Also, while the electronics inside the IKA yellow line hotplates are decent and distanced from the heating element, the heating element is a ridiculous filament between two sheets of mica, like a heating pad (you've probably seen NurdRage videos where he keeps trying to repair such burned out filaments). Also, should your hotplate take a hit, the ceramic on yellow line hotplates shatters into a million razor shards, but that's an extreme occurrance.

[Edited on 28-12-2020 by valeg96]





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[*] posted on 28-12-2020 at 19:34


The IKAs are made for 220 volts, so the wiring is small, as there is X current at 220 V. When you switch them to 110 V, the current is nox 2X, which is right at the limit for the wiring on the boards and components. So they burn out more often when run at 110V due to the larger current freom the mower voltage. Most other hotplates were designed for 110, so they are fine there, and even less current at 220, so they last forever.
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[*] posted on 29-12-2020 at 09:43


Is hotplate stirrer with a water bath is better than just magnetic stirrer + (heating mantle or heat gun) combo? Some liquids have a boiling point more than 80 degrees which requires a bath of something else than water.
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[*] posted on 29-12-2020 at 10:18


Baths are always better than mantles or raw hotplate. With liquids that need to be heated to 80-90°C it's good to use a water bath (e.g, distillation of low-boiling solvents such as ethanol, acetone, methanol). To get to temperatures up to 200-250°C you can use a bath with mineral or silicone oil (bought from chemical suppliers) or in some cases even vegetable oil is fine.

Baths provide a more uniform heating surface and reduce the risk of your glassware breaking; if you are distilling acetone over a mantle and it breaks, your lab will go up in flames; if you are using a water bath, it's less likely to.

Just keep in mind that 160°C oil is much, much more hot than boiling water, so you'll need the patience to let it cool down and heat up.





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[*] posted on 29-12-2020 at 11:27


@valeg96 I didn't get much success with water bath + ethanol, the heating is not enough to get a normal distillation speed, but with methanol it works well (results of my experiments with different distillations suggest the external temperature to be in the range 10-30C higher than the boiling point and to get the last drop of a fraction I need exactly +30C).
The problem with oils is that they usually create fumes, so I doubt one can use such a bath without a fume hood.
In case of a mantle and acetone: acetone has autoignition temperature = 465C and a mantle should have almost the same temperature as flask walls (if you have a regulator on it), the same temperature the oil bath will have, or do you think it will be much higher? I don't estimate it as 30-50C higher than a flask, if you use a flask of proper size of course.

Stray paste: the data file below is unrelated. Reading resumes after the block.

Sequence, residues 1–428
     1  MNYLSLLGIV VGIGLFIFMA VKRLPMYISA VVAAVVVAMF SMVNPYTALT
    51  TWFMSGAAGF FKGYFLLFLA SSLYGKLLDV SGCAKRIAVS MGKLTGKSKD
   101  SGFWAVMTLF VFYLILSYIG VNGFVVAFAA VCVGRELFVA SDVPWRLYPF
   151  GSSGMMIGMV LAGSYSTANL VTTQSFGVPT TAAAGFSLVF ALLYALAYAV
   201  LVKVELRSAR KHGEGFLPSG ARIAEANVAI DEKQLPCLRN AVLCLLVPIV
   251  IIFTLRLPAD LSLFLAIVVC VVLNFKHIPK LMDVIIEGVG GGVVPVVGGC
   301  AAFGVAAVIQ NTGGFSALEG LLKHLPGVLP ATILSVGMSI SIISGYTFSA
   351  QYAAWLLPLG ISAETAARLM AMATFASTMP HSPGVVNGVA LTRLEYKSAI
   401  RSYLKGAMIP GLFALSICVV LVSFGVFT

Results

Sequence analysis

I agree that for direct heating (i.e. erlenmeyer) hotplate stirrer is a useful combo. But if the intended usage is a bath/RBF I think you should consider also other alternatives.

Also if I would compare acetone flame burns and hot oil on my knees I don't know what is really better.

[Edited on 29-12-2020 by teodor]
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[*] posted on 29-12-2020 at 12:31


Oil does not create fumes, unless you bring it to insane temperatures. If it's silicone oil, or mineral oil, even better (for example, paraffin oil you can find in pharmacies). I've always used oil baths without a fume hood; they don't emit any fume at all. I believe one time a hotplate broke and heated up a silicone oil bath to almost 250°C, and not even then it started fuming; the oil polymerized into a slimy goopy mass.

Mantles have very poor temperature regulation, in my experience; also, hot oil splashes aren't an issue if you work with some common sense (let things cool down before moving them around, for example, and have a labcoat). Anyways, you can do whatever you think works better for you, I'm feeling like a salesman.





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[*] posted on 30-12-2020 at 00:20


@valeg96 I tried only olive oil. It is unpractical to heat it to anything more than 100C in a living room. I have no idea where to buy silicone or paraffin oil, also for reasonable price, but sometimes I have problem with translations. I wouldn't like mineral oil on glassware. I don't like olive oil on glassware either. Also I am very often work with highly oxidising reagents which I don't want to drop into any flammable oil.
I use "ISOPAD Heidelberg" regulator, it is a separate device, I found it very convenient to have a common regulator for different heating devices.
I calibrated it for usage, measuring water temperature inside a flask, so I know which level corresponds to a water bath. I think this calibration is much easier to do for a mantle than for a heating plate because a mantle has thermal insulation, so the temperature inside a flask is not so dependent on the ambient air stream/temperature.